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Molecular and bioelectronic functionalization

Grant number: 13/10759-4
Support type:Research Grants - Visiting Researcher Grant - International
Duration: April 03, 2014 - June 17, 2014
Field of knowledge:Biological Sciences - Biophysics - Molecular Biophysics
Principal researcher:Paulo Roberto Bueno
Grantee:Paulo Roberto Bueno
Visiting researcher: Jason Davis
Visiting researcher institution: University of Oxford, England
Home Institution: Instituto de Química (IQ). Universidade Estadual Paulista (UNESP). Campus de Araraquara. Araraquara , SP, Brazil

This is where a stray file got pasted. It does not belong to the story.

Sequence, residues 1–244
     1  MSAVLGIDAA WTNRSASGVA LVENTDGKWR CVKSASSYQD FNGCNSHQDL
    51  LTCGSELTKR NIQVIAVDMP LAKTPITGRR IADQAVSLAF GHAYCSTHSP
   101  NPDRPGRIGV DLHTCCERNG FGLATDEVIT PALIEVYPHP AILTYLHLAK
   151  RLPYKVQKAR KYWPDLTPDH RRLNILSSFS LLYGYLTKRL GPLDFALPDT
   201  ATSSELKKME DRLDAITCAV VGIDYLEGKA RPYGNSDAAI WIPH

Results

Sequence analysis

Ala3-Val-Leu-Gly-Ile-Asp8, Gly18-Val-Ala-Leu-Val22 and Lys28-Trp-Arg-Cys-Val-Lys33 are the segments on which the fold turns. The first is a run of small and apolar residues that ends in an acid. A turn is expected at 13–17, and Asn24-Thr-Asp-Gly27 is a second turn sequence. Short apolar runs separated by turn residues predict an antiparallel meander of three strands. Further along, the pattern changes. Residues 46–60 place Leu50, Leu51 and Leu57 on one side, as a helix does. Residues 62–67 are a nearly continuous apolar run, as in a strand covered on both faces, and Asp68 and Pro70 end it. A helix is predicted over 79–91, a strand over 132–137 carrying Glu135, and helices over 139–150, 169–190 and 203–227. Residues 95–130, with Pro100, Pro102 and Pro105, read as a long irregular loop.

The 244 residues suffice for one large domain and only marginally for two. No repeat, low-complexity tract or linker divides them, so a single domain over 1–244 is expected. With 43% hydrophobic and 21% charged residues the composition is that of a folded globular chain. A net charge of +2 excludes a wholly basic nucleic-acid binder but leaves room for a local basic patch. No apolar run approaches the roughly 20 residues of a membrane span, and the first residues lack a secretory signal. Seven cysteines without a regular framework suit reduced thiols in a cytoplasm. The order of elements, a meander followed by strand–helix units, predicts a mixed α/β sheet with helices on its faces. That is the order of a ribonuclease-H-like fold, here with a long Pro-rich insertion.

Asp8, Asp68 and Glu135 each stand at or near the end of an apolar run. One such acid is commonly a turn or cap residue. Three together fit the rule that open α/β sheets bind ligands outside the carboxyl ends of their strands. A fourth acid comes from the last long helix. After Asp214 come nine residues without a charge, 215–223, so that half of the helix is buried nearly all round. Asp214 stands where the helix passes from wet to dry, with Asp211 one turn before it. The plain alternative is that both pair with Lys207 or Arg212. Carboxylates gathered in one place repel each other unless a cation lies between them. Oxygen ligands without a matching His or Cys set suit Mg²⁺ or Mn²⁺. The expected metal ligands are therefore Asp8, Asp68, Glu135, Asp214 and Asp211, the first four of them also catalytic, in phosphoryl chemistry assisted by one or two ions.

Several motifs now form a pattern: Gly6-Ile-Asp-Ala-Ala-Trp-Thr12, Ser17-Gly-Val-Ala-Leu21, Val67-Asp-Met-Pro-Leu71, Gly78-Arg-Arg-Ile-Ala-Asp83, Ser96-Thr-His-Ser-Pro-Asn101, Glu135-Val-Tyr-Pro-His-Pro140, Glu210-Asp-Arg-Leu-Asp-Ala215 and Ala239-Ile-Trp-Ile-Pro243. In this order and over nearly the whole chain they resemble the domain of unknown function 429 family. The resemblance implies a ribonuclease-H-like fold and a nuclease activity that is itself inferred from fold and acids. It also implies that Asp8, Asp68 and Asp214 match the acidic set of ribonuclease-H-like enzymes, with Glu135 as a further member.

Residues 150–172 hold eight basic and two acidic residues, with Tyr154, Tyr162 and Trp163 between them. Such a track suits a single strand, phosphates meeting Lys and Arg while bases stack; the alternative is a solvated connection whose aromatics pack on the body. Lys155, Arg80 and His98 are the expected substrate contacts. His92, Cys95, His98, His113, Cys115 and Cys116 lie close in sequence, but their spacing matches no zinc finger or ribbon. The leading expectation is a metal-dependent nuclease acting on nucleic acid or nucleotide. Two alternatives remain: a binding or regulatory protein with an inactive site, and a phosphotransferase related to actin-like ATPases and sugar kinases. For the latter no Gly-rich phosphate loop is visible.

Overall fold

Impedance sensors measure the electrical impedance of the electrode-solution interface usually by applying a small sinusoidal voltage at a certain (and controllably varied) frequency and measuring the resulting current. The ratio of the current/voltage gives the impedance, and this technique is called electrochemical impedance spectroscopy (EIS). If the target analyte is captured by an electrode-immobilised probe (such as an antibody, DNA or peptide aptamer), the impedance of the electrode-solution interface will change detectably. These assays can be demonstrably exceedingly sensitive (picomolar to femtomolar), calibratable and specific when carried out with appropriately prepared and responsive surfaces.1-3,4 Assays such as this can also be used to separately assess interfacial capacitance. Again, as receptor modified electrodes are exposed to specific targets this can be a very sensitive function of target binding. Capacitive sensors are usually based on the nonfaradaic (reagentless) scheme and are measured at a single frequency. Importantly, both assays are "label free", in that they do not require prior labeling of the target solution, and nondestructive (in terms of the underlying sensory surface). They can be, additionally, carried out in complex bodily fluid (through appropriate controls of surface chemistry to restrict nonspecific interfacial adsorption).5,6,7 Finally, they are potentially very low cost, portable and readily multiplexable. In multiplexing, one has access to shortened analysis time, decreased sample volume, improved analytical efficiency and reduced cost compared to standard, parallel, single analyte assays. Multiplexed methods also enable the identification of patterns associated with relative change across a number of proteins in a fluid (for example, in a range of Ig's - see below). Though they can be exceedingly sensitive, the standard methods of impedance and capacitance are,however, profoundly problematic and difficult to apply reproducibly in different media or with different receptor/target combinations. When one applies an oscillating voltage to an electrode under electrolyte, the detected current has a closely associated sinusoidal form. The ratio of applied voltage signal to detected current signal is specifically known as impedance (a complex function, Z*, composed of real, Z', and imaginary, Z'', components) and the current and voltage waveforms related by a phase difference, Õ. In typical assays, Z* or its components, Z' or Z'' are reported as a function of target protein concentration. For reasons which are rarely, if ever, clear, for many assays only one of these functions, if any, serves as a calibratable measure of target binding. Z' or Õ may, for example, act as sensitive probes of target binding at one specifically generated antibody interface but be an insensitive or unreliable reporter of binding with either difference surface chemistry or at a second antibody surface. By fitting the acquired Z* to an assumed "equivalent circuit", it is also possible to resolve capacitative and resistive terms that can potentially also report on target protein binding but, this process is also fraught with problems related to the assumption of an accurate equivalent circuit and subsequent fitting errors. In recent months, in a collaborative effort between the PI's group and the group of Professor Paulo Bueno in São Paulo, we have established a means of accessing an entire library of potentially sensory functions for any given interface; specifically, the relationship between the applied sinusoidal voltage and measured current can generate a large number of Immittance Functions (IF's), of which impedance and phase are just two. (AU)